Identification and characterization of small molecules that inhibit intracellular toxin transport

Jose B. Saenz, Teresa A. Doggett, David B. Haslam

Research output: Contribution to journalArticle

65 Scopus citations

Abstract

Shiga toxin (Stx), cholera toxin (Ctx), and the plant toxin ricin are among several toxins that reach their intracellular destinations via a complex route. Following endocytosis, these toxins travel in a retrograde direction through the endosomal system to the trans-Golgi network, Golgi apparatus, and endoplasmic reticulum (ER). There the toxins are transported across the ER membrane to the cytosol, where they carry out their toxic effects. Transport via the ER from the cell surface to the cytosol is apparently unique to pathogenic toxins, raising the possibility that various stages in the transport pathway can be therapeutically targeted. We have applied a luciferase-based high-throughput screen to a chemical library of small-molecule compounds in order to identify inhibitors of Stx. We report two novel compounds that protect against Stx and ricin inhibition of protein synthesis, and we demonstrate that these compounds reversibly inhibit bacterial transport at various stages in the endocytic pathway. One compound (compound 75) inhibited transport at an early stage of Stx and Ctx transport and also provided protection against diphtheria toxin, which enters the cytosol from early endosomes. In contrast, compound 134 inhibited transport from recycling endosomes through the Golgi apparatus and protected only against toxins that access the ER. Small-molecule compounds such as these will provide insight into the mechanism of toxin transport and lead to the identification of compounds with therapeutic potential against toxins routed through the ER.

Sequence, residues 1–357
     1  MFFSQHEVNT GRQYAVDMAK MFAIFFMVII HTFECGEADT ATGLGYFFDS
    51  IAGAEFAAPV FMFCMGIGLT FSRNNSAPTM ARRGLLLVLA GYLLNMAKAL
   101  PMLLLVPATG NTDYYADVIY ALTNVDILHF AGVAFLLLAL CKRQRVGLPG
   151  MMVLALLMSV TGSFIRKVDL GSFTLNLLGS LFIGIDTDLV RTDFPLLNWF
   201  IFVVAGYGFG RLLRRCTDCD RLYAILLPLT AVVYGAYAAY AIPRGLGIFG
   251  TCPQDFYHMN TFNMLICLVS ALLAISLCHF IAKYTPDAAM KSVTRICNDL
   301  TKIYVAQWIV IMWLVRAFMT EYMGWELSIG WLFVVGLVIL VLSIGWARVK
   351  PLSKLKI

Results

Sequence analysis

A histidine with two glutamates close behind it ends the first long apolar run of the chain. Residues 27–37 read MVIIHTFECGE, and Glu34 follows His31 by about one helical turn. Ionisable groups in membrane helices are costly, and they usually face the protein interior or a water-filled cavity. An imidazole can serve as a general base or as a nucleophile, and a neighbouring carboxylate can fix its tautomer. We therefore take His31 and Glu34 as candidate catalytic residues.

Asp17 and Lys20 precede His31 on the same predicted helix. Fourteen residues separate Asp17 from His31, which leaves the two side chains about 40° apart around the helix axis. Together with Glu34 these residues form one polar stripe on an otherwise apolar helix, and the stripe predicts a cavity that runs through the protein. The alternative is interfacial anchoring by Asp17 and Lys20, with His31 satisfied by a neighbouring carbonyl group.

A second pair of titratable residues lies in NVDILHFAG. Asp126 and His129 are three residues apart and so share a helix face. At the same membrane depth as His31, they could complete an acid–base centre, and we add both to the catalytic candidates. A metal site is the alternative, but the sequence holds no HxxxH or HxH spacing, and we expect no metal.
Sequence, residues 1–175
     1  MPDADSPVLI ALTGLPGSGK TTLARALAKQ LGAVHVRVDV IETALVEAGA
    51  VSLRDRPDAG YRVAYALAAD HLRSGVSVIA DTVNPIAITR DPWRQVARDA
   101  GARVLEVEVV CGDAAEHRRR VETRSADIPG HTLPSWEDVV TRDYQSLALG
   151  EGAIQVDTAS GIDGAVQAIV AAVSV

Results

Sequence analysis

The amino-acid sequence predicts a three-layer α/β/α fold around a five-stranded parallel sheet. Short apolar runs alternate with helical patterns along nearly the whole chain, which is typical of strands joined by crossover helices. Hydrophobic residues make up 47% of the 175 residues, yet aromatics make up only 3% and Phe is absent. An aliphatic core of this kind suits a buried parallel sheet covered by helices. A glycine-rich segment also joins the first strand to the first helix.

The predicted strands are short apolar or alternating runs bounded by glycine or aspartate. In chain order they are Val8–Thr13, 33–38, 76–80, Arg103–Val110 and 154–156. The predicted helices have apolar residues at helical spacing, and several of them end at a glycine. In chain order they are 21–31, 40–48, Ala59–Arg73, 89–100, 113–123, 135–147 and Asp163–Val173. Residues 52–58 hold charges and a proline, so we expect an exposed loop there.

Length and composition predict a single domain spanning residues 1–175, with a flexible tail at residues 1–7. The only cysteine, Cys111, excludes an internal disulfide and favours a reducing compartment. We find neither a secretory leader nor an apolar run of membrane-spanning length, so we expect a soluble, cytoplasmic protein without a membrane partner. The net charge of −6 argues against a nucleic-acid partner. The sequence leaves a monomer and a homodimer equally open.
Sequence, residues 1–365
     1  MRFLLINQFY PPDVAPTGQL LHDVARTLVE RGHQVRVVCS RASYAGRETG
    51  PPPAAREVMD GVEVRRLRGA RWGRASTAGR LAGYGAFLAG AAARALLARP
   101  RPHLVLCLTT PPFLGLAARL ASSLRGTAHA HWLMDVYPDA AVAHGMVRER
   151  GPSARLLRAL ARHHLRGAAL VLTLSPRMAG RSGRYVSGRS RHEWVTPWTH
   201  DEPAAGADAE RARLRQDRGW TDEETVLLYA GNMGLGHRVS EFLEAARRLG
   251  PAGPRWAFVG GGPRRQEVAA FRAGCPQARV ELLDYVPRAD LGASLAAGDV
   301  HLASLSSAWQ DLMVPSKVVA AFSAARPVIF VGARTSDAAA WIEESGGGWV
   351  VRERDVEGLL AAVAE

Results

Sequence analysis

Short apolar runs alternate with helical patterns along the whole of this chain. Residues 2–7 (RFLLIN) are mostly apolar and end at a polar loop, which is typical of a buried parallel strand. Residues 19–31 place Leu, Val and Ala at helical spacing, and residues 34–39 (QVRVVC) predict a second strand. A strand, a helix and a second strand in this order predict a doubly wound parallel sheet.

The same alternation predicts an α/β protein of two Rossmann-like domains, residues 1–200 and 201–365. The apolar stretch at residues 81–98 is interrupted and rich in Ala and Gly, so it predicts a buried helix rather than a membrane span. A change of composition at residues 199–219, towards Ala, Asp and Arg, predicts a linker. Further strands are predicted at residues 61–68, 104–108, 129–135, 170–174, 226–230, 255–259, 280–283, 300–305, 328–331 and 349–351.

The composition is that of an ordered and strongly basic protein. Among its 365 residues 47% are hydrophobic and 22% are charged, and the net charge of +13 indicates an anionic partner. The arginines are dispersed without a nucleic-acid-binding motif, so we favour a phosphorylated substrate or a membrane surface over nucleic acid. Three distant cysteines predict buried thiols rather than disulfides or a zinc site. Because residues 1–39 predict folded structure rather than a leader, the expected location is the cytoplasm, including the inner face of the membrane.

Original languageEnglish
Pages (from-to)4552-4561
Number of pages10
JournalInfection and immunity
Volume75
Issue number9
DOIs
StatePublished - Sep 1 2007

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